The southward movement of the Lao-Tai family from their original seats in south-west China is of very ancient date, the Lao states of Luang Prabang and Wieng Chan on the Mekong having been founded at least two thousand years ago.
The first incursions of Lao-Tai among the Khmers of northern Siam were probably later, for the town of Lampun (Labong or Haribunchai), the first Lao capital in Siam, was founded about A.D.
But the finishing touches to the new race were supplied by the great expulsion of Lao-Tai from south-west China by Kublai Khan in A.D.
Meanwhile the ancient state of Lavo (Lopburi), with its capital at Sano (Sornau or Shahr-i-nao), at one time feudatory to Swankalok-Sukhotai, remained the last stronghold of the Khmer, although even here' the race was much modified by Lao-Tai blood; but presently Sano also was attacked, and its fall completed the ascendancy of the Siamese (Thai) throughout the country.
Siamese belongs to the well-defined Tai group of the SiameseChinese family of languages.
Its connexion with Chinese is clear though evidently distant, but its relationship with the other languages of the Tai group is very close.
He wrote Lettres sur l'Algerie (1877) and Promenades japonaises (1880), and also some musical compositions, including a grand opera, Tai-Tsoung (1894).
There are no good harbours, and the only anchorage for large vessels is Tai-chung, or Yung-su, at the east end, with 9 to 13 fathoms of water.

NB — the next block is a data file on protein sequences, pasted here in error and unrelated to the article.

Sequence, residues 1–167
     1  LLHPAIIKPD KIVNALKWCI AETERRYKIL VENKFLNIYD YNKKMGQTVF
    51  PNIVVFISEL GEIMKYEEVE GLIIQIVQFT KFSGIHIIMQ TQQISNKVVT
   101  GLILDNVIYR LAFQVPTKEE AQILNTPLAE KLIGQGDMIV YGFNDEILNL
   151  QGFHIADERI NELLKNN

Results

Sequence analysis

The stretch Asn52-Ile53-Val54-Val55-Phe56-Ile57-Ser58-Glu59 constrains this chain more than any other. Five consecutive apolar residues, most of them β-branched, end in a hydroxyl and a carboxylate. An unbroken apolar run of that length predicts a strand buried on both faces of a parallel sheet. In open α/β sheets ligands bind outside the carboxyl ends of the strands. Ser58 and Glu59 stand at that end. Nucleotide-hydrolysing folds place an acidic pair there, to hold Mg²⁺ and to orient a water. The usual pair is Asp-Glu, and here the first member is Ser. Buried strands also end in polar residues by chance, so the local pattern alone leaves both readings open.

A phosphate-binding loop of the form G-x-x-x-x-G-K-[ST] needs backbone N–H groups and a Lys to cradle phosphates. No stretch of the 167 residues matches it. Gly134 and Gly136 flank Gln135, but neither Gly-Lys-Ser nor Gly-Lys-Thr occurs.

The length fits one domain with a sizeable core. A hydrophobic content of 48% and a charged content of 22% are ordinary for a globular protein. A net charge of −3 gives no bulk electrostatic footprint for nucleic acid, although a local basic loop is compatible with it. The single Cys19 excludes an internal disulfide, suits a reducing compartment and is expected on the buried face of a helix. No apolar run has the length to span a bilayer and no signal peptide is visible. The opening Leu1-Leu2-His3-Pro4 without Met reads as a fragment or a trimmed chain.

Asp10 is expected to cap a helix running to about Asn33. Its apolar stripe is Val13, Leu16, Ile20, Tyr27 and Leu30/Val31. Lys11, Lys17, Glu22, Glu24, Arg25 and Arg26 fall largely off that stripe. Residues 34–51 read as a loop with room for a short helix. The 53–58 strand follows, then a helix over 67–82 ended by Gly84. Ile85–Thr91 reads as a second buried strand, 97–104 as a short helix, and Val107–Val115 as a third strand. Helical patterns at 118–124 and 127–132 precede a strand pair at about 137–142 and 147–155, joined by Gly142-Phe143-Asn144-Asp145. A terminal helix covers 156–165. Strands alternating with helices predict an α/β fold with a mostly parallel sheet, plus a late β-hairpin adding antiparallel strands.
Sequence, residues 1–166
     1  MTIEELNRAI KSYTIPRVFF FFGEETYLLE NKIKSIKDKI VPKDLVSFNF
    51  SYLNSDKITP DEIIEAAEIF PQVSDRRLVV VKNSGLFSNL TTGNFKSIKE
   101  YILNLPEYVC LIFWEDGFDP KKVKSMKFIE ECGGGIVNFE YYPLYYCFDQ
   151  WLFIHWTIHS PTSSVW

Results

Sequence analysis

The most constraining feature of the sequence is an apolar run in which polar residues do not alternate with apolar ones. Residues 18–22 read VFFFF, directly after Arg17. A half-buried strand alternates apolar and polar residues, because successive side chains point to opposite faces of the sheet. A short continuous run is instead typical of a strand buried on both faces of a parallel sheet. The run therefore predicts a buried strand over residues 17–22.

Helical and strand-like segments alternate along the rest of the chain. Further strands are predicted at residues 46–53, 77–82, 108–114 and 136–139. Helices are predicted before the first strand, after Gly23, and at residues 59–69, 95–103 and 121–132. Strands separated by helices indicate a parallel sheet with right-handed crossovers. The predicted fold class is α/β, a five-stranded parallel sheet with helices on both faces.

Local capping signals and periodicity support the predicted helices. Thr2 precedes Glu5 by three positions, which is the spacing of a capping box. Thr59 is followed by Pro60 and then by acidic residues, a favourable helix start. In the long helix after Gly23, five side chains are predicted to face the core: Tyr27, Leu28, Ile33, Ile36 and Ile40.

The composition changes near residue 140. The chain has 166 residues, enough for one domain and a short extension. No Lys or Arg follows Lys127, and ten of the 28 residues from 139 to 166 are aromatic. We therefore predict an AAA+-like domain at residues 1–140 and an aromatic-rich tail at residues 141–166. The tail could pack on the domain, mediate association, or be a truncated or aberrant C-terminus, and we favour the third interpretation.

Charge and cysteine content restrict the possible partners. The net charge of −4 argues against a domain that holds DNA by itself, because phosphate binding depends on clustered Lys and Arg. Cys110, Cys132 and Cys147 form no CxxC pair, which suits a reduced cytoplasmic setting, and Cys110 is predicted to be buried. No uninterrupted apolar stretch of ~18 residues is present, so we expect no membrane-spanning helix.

About that time parts of a confederation of tribes which had taken the name of Shammar from a moun tain in their neighbourhood, moved northwards from Central Arabia in search of better pasture, &c. Successfully displacing their forerunners, they made themselves at home in the Syrian steppe - until their possession was in turn disputed by a later emigrant from Arabia, for whom they finally made room by moving on into Mesopotamia, over which they spread, driving before them their predecessors the Tai (whose name the Mesopotamian Aramaeans had adopted as a designation for Arab in general), partly north of the Sinjar, partly over the Tigris.
One of Sufug's widows had fled to her Tai kindred in Central Arabia with her youngest son Faris; but when he grew up she brought him back in the seventies, and he immediately attracted a great following.
Except at its main entrance, through the valley of the Yellowstone on the N., the park is entirely surrounded by national forests: the Gallatin and Absaroka national forests, on the N.; the Shoshone and the Beartooth, on the E.; the Teton, on the S.; and the Tai ghee, the Madison and the Gallatin, on the W.
The exchange (Borsen), on the quay to the east, is an ornate gabled building erected in 1619-1640, surmounted by a remarkable spire, formed of four dragons, with their heads directed to the four points of the compass, and their bodies entwining each other till their tai, come to a point at the top. To the south is the arsenal (Tbjhus) with a collection of ancient armour.